City, campus construction projects parallel population spike

Posted on Jun 28 2018 - 8:05am by Kendall Patterson

Both Ole Miss and Oxford have felt growing pains as more students attend the university and more people move to town, placing a higher demand on the city’s many stores, restaurants and places of entertainment.

At the beginning of 2017, Oxford’s Galleria II shopping center opened with many retailers such as Dick’s Sporting Goods, Marshall’s and Ulta Beauty and brought in some 2,000 jobs.

“I’m really grateful that people decided to move here, because they’re now able to build shopping places so I don’t have to drive to Tupelo,” local realtor Caroline Felker said. “When I was growing up here, there wasn’t a lot of fun things to do… now our Square is really fun.”

In addition to new places to shop downtown, Oxford has welcomed business to other spots in recent years. The Malco Theatre at Oxford Commons opened across Highway 7 from the Square in 2013 and was followed by the opening of Premier Lanes Entertainment Center in 2015.

“The more exciting things we have here, the more people want to live here. It’s become a really fun, balanced place now with all the culture we have,” Felker said. “We wouldn’t have as many things that we have if it wasn’t for the population.”

The University puts up road work signs on Fraternity Row for construction. It’s one of many scattered around the Ole Miss campus. Photo by Christian Johnson

The need to accommodate this increased population has left its mark on campus as well.

Ole Miss Student Housing has added seven residence halls since opening Residential College South in 2009. The most recent additions came in 2016 with Residence Hall 2 and Residence Hall 3.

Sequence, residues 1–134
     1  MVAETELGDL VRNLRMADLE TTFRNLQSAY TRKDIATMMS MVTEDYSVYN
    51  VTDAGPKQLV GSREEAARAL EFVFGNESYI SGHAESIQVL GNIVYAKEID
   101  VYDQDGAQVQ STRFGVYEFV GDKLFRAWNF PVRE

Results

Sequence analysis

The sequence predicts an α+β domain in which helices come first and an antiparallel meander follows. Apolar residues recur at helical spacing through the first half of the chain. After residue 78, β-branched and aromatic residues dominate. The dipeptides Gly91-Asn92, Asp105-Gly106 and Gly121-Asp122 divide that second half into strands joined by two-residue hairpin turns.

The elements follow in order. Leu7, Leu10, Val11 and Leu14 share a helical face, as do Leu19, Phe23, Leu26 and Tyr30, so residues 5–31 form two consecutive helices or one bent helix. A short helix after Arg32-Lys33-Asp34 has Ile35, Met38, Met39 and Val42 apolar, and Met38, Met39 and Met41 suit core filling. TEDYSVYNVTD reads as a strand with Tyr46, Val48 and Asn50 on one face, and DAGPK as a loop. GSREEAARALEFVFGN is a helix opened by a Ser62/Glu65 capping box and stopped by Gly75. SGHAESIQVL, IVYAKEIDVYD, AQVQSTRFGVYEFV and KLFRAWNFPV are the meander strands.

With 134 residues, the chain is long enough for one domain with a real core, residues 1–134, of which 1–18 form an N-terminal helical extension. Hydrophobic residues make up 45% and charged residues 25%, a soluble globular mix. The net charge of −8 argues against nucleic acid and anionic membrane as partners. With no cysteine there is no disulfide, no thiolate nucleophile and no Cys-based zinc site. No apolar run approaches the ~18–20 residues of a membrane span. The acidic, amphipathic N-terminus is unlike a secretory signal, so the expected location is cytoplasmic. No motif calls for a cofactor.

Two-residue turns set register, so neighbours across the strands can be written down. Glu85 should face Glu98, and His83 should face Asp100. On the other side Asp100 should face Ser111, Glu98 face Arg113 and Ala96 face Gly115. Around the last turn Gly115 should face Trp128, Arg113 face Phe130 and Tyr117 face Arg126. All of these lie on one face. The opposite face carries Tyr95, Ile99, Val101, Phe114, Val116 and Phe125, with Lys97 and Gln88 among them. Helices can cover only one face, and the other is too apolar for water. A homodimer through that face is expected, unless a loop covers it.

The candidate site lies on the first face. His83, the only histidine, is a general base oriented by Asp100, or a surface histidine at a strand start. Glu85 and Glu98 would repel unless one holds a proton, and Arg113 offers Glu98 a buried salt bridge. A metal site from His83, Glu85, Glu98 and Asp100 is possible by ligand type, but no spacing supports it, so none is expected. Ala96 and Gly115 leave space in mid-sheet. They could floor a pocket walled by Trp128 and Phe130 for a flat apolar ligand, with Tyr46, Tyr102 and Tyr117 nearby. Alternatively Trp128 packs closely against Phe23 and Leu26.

“We’re sort of taking a cooling-off period,” Ole Miss Student Housing director Lionel Maten said. “We’re not in the construction of any new facilities nor are we planning for any new facilities at the current time.”

Maten said he is uncertain of what will be done with the Kincannon building, though, since its closure after the 2015-2016 academic year.

There are other campus construction projects still ongoing, such as the Student Union remodel and the updates to Guyton Hall.

The city is building a parking garage downtown that is proposed to sit behind what used to be the University Club, and the university has also expanded its parking, transportation and housing infrastructure on campus in the past few years.

The university opened The Pavilion Parking Garage in 2015, providing around 780 spaces offered to faculty and staff first and then commuters. In the fall of 2017, the residential parking garage behind Kincannon Hall opened and offered 1,500 spaces to on-campus residents.

Construction on campus. Photo courtesy John Scott

To accommodate for the increased number of students, more buses have been added to transportation routes along with two new bus lines in fall 2017, Rebel Red and Rebel Blue.

“What we did when we added those routes was to help students get around campus,” Ole Miss Parking and Transportation director Mike Harris said. “It’s a way to get on the bus and ride it into campus.”

Harris said 700 more Park & Ride spaces will become available in the spring of 2019 when the new South Campus Recreation Center, located at the previous Whirlpool lot, opens.

“Growth dictates everything we do here on campus,” Harris said. “As long as we’re growing then obviously we’ve got to look for better ways to manage that growth with the services we offer.”